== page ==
Stormwater Management Fact Sheet: Coverings

Covering is the partial or total enclosure of raw materials, byproducts, finished products, containers, equipment, process operations, and material storage areas that, when exposed to rain and/or runoff, could contaminate stormwater. Tarpaulins, plastic sheeting, roofs, buildings, and other enclosures are examples of temporary or permanent coverings that are effective in preventing stormwater contamination. The most prominent advantage of covering is that it is inexpensive in comparison to other best manufacturing practices (BMPs).


A review of numerous National Pollutant Discharge Elimination System (NPDES) group applications indicates that covering is a commonly implemented BMP. As more facilities identify potential sources of stormwater contamination, the use of coverings will increase significantly due to their effectiveness from a performance and cost perspective. Covering is appropriate for loading/unloading areas, raw material, byproduct, and final product outdoor storage areas, fueling and vehicle maintenance areas, and other high risk areas.

Advantages And Disadvantages

Covering is a simple and effective stormwater management BMP. Its advantages relative to other stormwater management BMPs include its comparative ease of implementation, its potential low cost, and its widespread applicability. Disadvantages associated with covering as a BMP include:

  • Temporary covering methods, such as plastic sheeting, can become torn or ripped, exposing the contaminant to precipitation and/or stormwater runoff.
  • Costs may prohibit the building of complete enclosures.
  • Health or safety problems may develop with enclosures built over certain materials or activities.
  • Coverings require frequent inspection.
  • A structure with only a roof may not keep out all precipitation.

The impact from a covered area depends on the degree of complexity in the covering design. Simple plastic sheeting can possibly create a stormwater diversion, and allow for disposal of uncontaminated water to a storm sewer. An appropriate structure with a permanent roof may be less effective, if the material inside is not sufficiently protected from contact with runoff. An enclosed structure may need to have internal drainage. However, if the stored material is considered hazardous, it must not be connected to the storm sewer. Depending on the site's NPDES permit, connection to a sanitary sewer may also be unsuitable. The internal drains would then need to be connected to some suitable containment area for later pretreatment and disposal.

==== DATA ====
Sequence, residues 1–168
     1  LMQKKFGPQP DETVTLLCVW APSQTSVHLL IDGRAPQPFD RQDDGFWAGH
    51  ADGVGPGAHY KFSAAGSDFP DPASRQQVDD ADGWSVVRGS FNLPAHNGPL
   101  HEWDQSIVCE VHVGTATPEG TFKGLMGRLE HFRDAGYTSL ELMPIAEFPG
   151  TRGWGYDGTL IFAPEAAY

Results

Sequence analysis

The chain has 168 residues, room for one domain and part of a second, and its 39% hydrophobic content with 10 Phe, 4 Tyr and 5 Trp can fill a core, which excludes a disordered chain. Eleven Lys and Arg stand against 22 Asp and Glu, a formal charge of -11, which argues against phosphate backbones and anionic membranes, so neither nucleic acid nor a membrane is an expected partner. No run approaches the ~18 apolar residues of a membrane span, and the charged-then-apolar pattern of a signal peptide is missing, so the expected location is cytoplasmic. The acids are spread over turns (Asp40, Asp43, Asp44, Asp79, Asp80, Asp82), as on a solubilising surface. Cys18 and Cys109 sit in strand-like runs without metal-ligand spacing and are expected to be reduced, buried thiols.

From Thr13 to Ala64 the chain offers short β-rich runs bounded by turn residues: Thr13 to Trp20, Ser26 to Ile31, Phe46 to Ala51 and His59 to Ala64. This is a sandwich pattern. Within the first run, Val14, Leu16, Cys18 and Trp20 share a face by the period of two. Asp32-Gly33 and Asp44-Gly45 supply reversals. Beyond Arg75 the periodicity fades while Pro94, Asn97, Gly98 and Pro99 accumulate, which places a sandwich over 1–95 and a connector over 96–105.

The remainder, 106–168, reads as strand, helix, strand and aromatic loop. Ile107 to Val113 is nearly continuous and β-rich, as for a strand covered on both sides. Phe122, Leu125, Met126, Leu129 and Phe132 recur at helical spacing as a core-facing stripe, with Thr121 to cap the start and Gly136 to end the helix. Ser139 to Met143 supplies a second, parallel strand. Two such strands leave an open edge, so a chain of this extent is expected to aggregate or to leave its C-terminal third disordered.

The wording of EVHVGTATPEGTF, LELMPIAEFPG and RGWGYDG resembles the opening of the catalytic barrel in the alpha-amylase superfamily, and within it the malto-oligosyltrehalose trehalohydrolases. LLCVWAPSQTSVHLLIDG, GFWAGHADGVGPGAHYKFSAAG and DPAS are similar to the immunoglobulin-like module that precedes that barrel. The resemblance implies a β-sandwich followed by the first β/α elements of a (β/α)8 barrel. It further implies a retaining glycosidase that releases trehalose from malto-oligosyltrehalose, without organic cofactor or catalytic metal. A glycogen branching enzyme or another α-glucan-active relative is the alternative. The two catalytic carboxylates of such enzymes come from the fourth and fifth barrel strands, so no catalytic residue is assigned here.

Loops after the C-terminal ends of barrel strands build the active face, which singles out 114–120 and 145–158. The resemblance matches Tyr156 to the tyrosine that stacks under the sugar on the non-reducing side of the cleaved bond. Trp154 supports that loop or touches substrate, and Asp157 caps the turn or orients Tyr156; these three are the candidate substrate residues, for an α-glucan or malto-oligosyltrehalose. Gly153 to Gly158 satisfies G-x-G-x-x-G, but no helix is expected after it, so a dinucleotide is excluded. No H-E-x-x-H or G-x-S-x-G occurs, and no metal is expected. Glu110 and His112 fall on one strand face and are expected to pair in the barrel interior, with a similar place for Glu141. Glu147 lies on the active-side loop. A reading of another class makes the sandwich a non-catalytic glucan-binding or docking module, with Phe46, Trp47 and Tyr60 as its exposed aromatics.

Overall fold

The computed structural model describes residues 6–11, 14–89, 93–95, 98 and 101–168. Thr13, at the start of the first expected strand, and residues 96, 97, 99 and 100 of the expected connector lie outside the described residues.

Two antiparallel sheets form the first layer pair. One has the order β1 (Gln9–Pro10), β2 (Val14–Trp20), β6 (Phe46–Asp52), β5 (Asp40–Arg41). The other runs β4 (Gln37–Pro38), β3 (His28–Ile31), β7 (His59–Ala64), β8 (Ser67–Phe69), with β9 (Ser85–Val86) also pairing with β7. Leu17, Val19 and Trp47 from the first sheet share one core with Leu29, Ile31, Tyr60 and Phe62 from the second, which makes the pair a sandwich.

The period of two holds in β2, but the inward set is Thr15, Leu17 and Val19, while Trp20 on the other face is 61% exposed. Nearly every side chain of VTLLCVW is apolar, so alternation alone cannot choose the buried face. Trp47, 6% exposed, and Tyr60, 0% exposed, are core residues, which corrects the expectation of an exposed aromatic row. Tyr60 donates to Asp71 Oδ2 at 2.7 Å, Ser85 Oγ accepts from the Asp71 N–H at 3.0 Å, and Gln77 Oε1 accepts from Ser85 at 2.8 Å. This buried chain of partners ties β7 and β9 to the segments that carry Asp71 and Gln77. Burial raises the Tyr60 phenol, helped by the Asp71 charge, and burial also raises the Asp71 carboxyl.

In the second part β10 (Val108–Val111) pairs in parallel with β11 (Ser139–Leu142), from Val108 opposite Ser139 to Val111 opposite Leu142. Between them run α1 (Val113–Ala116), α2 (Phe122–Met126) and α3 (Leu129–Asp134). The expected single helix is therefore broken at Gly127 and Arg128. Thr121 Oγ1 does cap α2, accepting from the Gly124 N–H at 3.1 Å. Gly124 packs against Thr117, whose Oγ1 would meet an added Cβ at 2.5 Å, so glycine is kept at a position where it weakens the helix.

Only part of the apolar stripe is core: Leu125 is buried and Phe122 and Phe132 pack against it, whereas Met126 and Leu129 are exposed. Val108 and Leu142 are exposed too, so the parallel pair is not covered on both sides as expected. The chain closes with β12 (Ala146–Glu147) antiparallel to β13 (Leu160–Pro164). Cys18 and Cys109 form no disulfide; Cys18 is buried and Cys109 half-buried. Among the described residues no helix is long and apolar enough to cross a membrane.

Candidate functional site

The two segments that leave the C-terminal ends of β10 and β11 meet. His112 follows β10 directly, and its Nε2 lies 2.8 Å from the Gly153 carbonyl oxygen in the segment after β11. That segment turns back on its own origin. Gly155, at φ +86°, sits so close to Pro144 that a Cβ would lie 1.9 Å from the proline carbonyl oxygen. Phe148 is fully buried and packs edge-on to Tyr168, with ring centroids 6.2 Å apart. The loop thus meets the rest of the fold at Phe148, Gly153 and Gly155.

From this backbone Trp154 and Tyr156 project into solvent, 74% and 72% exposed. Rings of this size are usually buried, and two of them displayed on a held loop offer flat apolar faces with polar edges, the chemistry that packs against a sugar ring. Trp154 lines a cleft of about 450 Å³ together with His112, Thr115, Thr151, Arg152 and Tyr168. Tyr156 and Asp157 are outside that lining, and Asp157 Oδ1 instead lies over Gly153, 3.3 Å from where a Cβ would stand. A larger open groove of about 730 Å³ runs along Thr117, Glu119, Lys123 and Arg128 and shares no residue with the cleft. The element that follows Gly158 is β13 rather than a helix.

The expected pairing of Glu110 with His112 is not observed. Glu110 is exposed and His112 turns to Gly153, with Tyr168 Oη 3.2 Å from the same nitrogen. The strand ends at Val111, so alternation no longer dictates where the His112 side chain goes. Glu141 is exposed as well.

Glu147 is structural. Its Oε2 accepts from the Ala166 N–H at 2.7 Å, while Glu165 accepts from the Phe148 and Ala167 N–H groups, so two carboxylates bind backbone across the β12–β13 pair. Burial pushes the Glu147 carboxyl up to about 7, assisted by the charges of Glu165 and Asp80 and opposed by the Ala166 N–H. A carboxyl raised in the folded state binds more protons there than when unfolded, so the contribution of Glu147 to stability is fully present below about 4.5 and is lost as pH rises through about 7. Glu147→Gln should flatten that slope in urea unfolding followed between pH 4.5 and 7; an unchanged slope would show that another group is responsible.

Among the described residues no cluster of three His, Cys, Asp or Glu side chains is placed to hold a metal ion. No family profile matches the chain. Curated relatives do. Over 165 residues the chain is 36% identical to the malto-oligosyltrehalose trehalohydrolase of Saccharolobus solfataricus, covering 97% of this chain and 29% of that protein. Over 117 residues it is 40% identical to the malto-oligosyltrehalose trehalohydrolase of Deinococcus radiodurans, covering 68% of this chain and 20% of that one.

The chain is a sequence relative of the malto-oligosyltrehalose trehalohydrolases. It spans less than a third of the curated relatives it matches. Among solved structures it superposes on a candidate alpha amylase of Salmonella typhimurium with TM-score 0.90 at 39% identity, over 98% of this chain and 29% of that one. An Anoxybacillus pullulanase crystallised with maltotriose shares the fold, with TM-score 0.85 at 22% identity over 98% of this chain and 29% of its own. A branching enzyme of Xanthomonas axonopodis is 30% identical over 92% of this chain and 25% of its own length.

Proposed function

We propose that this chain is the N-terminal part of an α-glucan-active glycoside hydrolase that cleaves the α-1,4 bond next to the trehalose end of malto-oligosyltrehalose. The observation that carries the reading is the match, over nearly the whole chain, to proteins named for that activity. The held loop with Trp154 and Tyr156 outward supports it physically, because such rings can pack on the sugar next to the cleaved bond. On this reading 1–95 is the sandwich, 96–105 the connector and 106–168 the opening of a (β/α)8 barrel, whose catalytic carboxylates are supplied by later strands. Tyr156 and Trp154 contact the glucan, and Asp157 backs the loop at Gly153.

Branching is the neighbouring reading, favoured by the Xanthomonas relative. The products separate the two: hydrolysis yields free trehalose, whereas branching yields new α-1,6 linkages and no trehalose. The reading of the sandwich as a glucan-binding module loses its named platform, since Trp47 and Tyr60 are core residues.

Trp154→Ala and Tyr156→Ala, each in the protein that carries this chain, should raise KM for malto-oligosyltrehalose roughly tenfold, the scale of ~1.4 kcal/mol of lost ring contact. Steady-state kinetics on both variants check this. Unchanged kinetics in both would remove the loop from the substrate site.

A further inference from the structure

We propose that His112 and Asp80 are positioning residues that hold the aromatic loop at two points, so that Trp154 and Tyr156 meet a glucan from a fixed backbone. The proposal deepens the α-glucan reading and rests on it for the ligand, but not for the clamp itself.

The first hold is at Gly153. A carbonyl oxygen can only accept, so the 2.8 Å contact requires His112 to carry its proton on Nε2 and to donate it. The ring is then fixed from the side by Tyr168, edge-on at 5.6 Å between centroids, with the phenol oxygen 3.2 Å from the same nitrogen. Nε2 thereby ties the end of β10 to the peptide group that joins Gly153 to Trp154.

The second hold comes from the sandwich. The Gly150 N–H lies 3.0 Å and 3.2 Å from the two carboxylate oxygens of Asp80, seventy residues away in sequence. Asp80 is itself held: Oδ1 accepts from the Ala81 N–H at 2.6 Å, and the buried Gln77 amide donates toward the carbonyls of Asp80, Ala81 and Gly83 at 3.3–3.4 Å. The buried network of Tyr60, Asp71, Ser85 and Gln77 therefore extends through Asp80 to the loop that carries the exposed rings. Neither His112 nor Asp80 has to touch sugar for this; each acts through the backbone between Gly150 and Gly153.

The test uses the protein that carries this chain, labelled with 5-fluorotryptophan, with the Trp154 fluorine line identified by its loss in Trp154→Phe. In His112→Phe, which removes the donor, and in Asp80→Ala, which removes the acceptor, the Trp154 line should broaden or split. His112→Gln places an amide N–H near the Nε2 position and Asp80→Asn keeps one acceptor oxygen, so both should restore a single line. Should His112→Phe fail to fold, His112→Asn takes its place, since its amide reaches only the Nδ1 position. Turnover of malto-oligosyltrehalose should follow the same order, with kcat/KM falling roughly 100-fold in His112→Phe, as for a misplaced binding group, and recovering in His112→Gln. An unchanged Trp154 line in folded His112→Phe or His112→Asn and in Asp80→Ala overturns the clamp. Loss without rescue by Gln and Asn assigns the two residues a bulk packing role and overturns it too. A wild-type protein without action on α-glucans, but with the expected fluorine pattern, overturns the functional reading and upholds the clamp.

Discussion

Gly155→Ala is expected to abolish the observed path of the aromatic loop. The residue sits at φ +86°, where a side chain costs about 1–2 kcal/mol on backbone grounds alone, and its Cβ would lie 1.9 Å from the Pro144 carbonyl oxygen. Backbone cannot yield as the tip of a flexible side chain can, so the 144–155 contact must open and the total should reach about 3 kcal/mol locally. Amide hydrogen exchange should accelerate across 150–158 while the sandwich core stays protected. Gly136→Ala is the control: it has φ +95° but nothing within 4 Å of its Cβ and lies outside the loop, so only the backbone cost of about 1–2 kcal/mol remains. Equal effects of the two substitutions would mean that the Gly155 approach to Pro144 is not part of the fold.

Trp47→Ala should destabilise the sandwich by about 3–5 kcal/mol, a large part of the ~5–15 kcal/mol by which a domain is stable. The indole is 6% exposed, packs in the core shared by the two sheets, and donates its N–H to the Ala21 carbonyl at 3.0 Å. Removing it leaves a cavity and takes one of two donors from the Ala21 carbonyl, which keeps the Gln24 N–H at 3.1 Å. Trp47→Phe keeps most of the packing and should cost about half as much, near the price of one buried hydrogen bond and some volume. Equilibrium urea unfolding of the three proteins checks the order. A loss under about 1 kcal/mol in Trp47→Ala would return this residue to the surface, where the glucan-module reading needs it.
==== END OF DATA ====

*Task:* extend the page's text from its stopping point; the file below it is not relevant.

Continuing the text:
When implementing a program to cover materials to reduce their exposure to runoff, one must first choose the proper covering. When deciding on a covering, it is necessary to evaluate the integrity and durability of the covering, as well as its compatibility with the material or activity being covered.

Covering alone may not protect exposed materials from stormwater contact. Placing material on an elevated impermeable surface or building curbing around the outside of the materials may be required to prevent contact with stormwater runoff from adjacent areas. If the program calls for a material to be enclosed, the designer should consider materials access, handling, and transfer during the design of the enclosure. Materials that pose environmental and/or safety dangers because they are radioactive, pathogenic, flammable, explosive, or reactive, require special ventilation and temperature design considerations.

In addition to properly designing an enclosure or cover, practicing proper materials management within an enclosure or underneath a covered area is essential. For example, floor drainage within an enclosure should be properly designed and connected to a sanitary sewer. The local publicly owned treatment works should be consulted to determine if there are any pretreatment requirements, restrictions, or compatibility problems prior to discharge of the stormwater.

Based on data currently available, it is difficult to quantify the mitigation of runoff contamination when covering is used. However, significant runoff water quality benefits are expected by simply reducing the contact between potential contaminants and precipitation or stormwater runoff. One source has estimated that 80 percent of the environmental damage from de-icing chemicals is caused by inadequate storage facilities. Inspecting coverings must be part of an overall preventive maintenance program. Maintenance involves frequent inspection of the covering for rips, holes, and general wear.


Covering costs vary in proportion to the degree of protection desired, and the required life span. The most inexpensive covering is plastic sheeting, but it is not suitable where a high degree of protection is desired for a long period. An enclosed building is the most expensive type of covering when materials for the structure, lighting, and ventilation are considered, but it offers the highest degree of protection for the longest period.

Fact sheet from EPA.

EPA's Stormwater Program:

This article originally appeared in the 05/01/2006 issue of Environmental Protection.

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